Hitchens makes many points, and underlying it all is his contempt at all religions, which are still messing the world up today. I agree.

    In regards to Islam specifically, Hitchens is linking Jefferson’s need to use force with our current need to use force. Once Jefferson understood he was dealing with unreasonable religious barbarians motivated in their barbarism by their deranged, medievel cult, he realized that trying to secure some “temporary leniency” was not going to do any good. So he built a navy to put a stop to them, and stop them he did even though it took years. What Hitchens is saying is that it was the moment when Jefferson understood what kind of unreasonable religious enemy he was dealing with that he knew he had no other option but to use military force. Similar to today int he wake of 9/11.

    Elements within Islam are as medievel as ever, and we find ourselves having to use military force against an enemy you cannot negotiate or reason with.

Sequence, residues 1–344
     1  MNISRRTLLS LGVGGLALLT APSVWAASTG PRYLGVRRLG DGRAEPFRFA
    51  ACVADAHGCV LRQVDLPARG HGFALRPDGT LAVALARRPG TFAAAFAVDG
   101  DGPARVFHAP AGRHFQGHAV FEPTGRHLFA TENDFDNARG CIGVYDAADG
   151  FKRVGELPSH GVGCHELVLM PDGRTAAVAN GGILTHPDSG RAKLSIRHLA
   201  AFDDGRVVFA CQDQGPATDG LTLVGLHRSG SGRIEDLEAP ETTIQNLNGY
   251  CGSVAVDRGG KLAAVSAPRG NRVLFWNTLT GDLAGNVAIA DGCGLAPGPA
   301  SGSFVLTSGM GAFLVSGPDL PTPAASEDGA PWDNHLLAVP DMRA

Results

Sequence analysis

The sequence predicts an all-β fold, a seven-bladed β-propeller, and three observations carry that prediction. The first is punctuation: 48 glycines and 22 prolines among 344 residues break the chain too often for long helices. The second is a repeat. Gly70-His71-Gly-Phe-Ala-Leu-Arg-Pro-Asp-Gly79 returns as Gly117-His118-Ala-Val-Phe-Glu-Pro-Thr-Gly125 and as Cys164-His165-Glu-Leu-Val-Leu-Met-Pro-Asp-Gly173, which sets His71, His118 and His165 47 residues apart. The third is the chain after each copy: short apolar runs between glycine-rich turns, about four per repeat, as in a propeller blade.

24. The LGF guys are idiots, as always, and the entire line of argument is just plain dumb. But of course, rambling quotes without any knowledge of history is what counts for expertise in rightwing-o-stan.

  25. Whatever you think about LGF in general is irrelevant. LGF and Hitchens are both correct that it’s absurd to act like Jefferson was a fan of the Koran and Islam. In fact, he would’ve loved to take a razor blade and cut out all the most deranged crap in the Koran and create a more reasonable Koran. If we have to live in a world with Islam, then please lets have Islam leave the dark ages and become more compatible with civilization.

    And in fact Jefferson went to war with some Muslims after he understood what kind of medievel mentality he was dealing with in those particular Muslims. Once he knew his enemy, in other words.

    Furthermore, Hitchens points out that Ellison’s Nation of Islam connections shows that Ellison has been part of a cult within Islam that is considered extreme and particularly hateful by even other Muslims. The laughs on Ellison if he thinks Jefferson would’ve been down with his religious views.